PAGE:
The Sopranos: Seattle: Speaking of punks, the Office of Police Accountability (a contradiction in terms) released a 2018 report wherein they investigated now-retired Detective Mac Gordon for remarks he made about SPD’s cushy off-duty no-show jobs, like managing parking garages for $1,500 a month without ever putting in the work. Gordon allegedly referred to SPD as “the Mafia” five times and said “no one is going to mess with those jobs or they’re going to end up with broken kneecaps”! Of course, OPA found no wrongdoing. ACAB!
OPA: Det. Mac Gordon's remarks about an SPD mini-mafia” squeezing businesses and breaking bones “were not intended to be true and accurate descriptions of a business practice.”— DivestSPD (@DivestSPD) August 1, 2022
They were colorful “exaggerations.” (THREAD) pic.twitter.com/VcpFbhHiAf
Verizon workers are getting full bars out here: Amid sustained pressure from developments like the most recent ULP charge, Verizon workers are gaining traction. Stores in Everett and Lynnwood have ratified their first contract. The Stand has more. Workers at Graphic Packaging International in Portland are also applying local pressure: They just got a $2-an-hour pay bump after a nine-day strike. And local concrete workers rejected another substandard offer from the Concrete Cartel.
Where you work matters: After the Supreme Court overruled Roe v. Wade, major corporations like Amazon and Google proudly pledged to support workers traveling for abortion care. But as More Perfect Union reported this week, they’ve been donating to anti-abortion groups all along.
That includes defense contractors: Some Twitter users were surprised this week to learn they don’t get a pass on working for evil companies “because the benefits are great” or “somebody has to do it.” Some outstanding phrases published online this week by People Who Don’t Get It: “the Missile Defense Agency took a chance on me,” “My husband works for a large power company that likes to pollute,” “I would wax balls for the thin blue line,” and “happens to work at a defense contractor.”
the fuck is going on pic.twitter.com/XVBVn6SAgq— "𝘽𝙞𝙡𝙡 𝙆𝙚𝙯𝙤𝙨" (@APunishedBill) August 2, 2022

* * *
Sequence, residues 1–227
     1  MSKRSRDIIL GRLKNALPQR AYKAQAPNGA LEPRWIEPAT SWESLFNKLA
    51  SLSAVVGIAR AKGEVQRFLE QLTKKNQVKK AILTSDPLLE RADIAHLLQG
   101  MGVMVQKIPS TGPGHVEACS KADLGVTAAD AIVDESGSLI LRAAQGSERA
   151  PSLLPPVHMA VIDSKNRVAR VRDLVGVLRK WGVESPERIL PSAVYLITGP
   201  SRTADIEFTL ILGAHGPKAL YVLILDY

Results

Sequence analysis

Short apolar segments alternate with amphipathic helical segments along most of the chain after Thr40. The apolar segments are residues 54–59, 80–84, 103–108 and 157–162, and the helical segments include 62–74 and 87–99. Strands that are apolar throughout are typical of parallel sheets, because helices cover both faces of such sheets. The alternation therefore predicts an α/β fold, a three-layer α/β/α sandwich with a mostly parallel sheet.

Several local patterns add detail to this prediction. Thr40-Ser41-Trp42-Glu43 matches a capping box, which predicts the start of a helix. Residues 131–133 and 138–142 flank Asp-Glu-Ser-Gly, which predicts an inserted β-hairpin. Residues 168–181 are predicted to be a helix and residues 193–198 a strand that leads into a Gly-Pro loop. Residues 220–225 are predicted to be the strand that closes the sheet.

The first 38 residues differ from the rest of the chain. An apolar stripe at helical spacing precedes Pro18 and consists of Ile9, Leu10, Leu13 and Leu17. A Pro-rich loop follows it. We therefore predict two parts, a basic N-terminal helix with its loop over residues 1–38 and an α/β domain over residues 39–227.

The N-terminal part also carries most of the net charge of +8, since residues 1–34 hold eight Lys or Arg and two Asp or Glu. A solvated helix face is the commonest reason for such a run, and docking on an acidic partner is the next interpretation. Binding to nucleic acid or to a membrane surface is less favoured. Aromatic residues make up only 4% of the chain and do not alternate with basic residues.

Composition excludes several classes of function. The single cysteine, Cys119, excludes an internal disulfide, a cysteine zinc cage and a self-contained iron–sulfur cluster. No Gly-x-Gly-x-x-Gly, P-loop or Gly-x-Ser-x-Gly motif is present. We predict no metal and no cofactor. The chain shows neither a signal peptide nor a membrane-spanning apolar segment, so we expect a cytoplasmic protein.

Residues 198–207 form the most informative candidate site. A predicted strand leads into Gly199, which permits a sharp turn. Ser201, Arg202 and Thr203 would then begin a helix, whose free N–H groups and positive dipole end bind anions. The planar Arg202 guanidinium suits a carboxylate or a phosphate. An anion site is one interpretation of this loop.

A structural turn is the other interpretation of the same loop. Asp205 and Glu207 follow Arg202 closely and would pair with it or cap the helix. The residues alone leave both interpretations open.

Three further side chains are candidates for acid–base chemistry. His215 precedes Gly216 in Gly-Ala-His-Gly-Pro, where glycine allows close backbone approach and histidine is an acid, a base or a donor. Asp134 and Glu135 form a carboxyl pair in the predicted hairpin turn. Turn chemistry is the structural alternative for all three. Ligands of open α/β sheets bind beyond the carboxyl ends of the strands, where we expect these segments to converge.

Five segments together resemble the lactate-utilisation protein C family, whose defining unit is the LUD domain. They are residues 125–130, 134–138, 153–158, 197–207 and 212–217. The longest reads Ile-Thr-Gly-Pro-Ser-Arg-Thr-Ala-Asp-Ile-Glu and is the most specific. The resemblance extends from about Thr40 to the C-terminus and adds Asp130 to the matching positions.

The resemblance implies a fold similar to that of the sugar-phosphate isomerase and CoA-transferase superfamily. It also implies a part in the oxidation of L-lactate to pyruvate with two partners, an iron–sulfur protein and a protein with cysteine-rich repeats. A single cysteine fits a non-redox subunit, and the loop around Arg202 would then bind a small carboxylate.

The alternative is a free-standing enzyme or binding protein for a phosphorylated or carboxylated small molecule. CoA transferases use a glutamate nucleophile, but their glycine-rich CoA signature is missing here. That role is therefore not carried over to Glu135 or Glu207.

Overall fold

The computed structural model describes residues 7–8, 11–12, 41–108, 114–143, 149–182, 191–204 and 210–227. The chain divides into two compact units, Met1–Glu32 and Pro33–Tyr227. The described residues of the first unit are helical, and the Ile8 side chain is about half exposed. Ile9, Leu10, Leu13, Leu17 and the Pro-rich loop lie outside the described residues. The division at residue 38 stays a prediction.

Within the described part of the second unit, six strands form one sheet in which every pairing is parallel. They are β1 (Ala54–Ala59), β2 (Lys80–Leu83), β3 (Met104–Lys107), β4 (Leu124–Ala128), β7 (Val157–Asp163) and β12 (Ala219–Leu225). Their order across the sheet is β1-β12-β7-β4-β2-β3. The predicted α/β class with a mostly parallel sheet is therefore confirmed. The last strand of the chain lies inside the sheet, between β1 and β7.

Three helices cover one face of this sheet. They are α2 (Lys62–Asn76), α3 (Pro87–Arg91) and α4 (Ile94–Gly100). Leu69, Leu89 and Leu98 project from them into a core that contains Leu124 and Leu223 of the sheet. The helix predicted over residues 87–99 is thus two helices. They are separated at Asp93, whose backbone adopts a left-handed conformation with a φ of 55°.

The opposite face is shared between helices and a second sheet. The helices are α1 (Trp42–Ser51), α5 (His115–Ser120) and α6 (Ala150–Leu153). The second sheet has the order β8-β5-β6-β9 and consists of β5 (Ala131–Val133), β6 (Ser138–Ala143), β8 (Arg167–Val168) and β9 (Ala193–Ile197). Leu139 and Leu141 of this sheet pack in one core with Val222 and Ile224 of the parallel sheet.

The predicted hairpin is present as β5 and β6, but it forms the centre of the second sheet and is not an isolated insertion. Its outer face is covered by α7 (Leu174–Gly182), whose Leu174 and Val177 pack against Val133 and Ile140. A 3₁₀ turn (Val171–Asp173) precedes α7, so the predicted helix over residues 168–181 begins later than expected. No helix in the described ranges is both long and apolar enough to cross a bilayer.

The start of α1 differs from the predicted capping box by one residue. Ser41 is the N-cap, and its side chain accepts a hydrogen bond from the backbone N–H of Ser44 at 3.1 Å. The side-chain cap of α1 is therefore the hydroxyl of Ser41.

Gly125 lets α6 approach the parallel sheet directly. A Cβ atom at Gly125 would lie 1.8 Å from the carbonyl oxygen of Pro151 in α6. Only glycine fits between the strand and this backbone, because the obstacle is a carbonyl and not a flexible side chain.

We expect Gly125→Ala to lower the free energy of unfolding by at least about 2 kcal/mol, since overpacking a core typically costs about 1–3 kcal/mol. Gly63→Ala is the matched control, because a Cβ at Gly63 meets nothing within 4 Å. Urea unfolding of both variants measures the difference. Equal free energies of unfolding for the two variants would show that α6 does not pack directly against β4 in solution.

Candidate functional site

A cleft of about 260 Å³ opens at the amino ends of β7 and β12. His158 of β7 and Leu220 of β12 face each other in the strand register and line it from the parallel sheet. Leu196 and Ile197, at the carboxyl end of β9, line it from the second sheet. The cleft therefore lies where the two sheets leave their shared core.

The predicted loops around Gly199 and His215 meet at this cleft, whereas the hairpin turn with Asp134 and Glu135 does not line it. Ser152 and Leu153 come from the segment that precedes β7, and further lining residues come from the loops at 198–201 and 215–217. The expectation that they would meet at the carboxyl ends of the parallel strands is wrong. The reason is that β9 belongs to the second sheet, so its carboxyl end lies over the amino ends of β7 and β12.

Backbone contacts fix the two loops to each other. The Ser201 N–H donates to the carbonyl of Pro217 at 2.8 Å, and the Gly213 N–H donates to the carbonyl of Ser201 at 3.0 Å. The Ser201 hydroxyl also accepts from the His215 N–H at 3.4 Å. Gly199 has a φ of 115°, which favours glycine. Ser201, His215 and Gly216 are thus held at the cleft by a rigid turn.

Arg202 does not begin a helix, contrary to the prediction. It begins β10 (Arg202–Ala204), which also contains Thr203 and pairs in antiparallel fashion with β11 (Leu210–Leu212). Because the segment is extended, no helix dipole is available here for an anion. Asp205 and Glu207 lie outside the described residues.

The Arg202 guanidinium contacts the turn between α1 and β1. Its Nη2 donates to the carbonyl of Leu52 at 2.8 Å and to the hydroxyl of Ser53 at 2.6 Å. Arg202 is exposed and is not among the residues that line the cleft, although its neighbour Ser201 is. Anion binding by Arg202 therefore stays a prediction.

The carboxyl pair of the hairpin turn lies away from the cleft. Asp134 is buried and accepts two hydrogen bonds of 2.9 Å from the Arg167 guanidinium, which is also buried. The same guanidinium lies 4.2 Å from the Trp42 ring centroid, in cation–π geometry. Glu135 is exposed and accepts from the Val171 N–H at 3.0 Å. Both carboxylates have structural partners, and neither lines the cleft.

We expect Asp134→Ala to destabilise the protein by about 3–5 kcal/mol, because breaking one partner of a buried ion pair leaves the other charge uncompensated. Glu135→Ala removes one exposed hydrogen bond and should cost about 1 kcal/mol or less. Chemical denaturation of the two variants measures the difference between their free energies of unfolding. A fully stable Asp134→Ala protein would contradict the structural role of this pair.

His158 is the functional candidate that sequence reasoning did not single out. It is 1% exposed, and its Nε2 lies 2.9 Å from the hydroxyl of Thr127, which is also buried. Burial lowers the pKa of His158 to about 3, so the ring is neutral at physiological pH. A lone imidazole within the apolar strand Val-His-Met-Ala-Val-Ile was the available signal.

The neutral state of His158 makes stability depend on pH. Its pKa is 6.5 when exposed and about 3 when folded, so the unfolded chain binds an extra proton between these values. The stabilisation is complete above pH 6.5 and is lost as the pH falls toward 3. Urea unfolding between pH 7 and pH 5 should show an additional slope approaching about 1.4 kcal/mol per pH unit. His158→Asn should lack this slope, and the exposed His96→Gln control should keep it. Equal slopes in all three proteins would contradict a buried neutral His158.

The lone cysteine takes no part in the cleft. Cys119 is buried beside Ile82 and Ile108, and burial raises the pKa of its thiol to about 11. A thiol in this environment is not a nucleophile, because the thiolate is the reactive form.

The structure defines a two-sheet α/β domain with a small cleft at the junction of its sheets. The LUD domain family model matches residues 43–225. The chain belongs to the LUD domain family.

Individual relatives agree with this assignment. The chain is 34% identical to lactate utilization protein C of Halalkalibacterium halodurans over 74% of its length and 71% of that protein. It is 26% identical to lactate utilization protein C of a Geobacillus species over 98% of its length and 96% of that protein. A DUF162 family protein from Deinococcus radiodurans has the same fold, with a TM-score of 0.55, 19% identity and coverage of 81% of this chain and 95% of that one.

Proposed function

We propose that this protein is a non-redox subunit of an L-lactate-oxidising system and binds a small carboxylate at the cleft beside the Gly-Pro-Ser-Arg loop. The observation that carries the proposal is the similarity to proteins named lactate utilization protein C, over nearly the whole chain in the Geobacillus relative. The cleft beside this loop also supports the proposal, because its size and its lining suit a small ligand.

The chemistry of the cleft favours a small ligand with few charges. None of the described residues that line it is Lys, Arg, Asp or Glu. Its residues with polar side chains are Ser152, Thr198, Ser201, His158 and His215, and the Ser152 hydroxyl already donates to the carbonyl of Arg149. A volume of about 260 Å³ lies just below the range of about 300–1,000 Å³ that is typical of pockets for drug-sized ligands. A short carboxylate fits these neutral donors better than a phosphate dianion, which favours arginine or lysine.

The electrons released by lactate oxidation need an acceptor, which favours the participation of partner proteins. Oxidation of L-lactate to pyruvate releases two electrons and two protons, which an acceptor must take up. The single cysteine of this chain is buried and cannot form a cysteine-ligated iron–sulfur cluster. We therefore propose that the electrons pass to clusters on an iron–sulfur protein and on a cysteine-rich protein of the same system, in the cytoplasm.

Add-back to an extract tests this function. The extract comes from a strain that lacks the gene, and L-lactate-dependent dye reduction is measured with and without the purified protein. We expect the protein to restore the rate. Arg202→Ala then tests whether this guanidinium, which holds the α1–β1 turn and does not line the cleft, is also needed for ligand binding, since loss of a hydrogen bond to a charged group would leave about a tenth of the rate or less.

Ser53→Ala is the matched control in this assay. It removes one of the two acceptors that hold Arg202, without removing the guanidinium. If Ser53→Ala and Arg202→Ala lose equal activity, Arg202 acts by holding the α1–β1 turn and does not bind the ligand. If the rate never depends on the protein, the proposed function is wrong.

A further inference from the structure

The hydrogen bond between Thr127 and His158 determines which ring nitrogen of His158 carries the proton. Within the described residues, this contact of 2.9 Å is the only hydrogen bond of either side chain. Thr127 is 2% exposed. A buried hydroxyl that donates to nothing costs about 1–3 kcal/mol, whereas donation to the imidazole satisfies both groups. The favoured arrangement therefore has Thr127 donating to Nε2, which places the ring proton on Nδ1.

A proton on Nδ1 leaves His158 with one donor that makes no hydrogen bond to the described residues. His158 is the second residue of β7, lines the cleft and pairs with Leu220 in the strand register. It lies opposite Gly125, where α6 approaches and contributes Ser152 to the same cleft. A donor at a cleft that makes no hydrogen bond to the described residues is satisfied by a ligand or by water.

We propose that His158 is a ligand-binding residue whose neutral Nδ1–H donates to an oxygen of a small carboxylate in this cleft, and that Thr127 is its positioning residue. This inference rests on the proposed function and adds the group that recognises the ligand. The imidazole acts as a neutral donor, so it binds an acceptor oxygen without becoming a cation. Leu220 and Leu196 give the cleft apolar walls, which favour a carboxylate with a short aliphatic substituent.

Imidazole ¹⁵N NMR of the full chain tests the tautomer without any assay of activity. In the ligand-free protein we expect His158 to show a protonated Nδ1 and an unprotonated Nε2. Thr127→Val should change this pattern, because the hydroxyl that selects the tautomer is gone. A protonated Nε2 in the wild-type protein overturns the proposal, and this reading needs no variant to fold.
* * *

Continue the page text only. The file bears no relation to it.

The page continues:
Jobs to seek! Would you like to “happen to work” outside the industry of Big Tech/Anti-Abortion Fundraising? Are you reconsidering your place in the Murder Machine? You may be excited to hear Labor Notes is hiring a remote Assistant Editor at $66,000 and the Seattle Office of Labor Standards is hiring a Labor Standards Engagement Specialist at almost $50 an hour.
WHAT! ELSE! WHAT! ELSE! So much what else this week. UPS drivers posted photos of the 120-plus-degree temps in their trucks. Railroad workers are close to an economy-shaking strike. Apple workers continue to organize slowly. The NLRB ordered striking Alabama mine workers to pay the company $13.3 million. PetSmart is being sued for charging employees who quit after completing their (pause for cringe) “grooming academy.” And finally, this week’s PNW election filings: workers at iconic Voodoo Doughnuts in Old Town Portland; all 40-plus St. Charles Medical Group locations in Oregon; the South Hillsboro Primary Care Clinic; Jacobs Engineering Group in Renton; and the painters at Specialty Finishes in Seattle.
Speak up! Send us your tips and compliments, and drop some comments in the chat. (But please stop explaining to me how Leader of the Free World Joe Biden is powerless to Do Politics.)
Your curated, hand-picked, cringe-free bop of the week is, frankly, out of left field. I didn’t give you all the clues. But this week, for whatever reason (Mental Illness) my girlfriend and I have been communicating in the cadence of the “Under Pressure” line that goes “people-in-the-streets!” At 1:43, the exorcism will be complete, and you will become its new host, dear reader. You two have fun! Have a great weekend.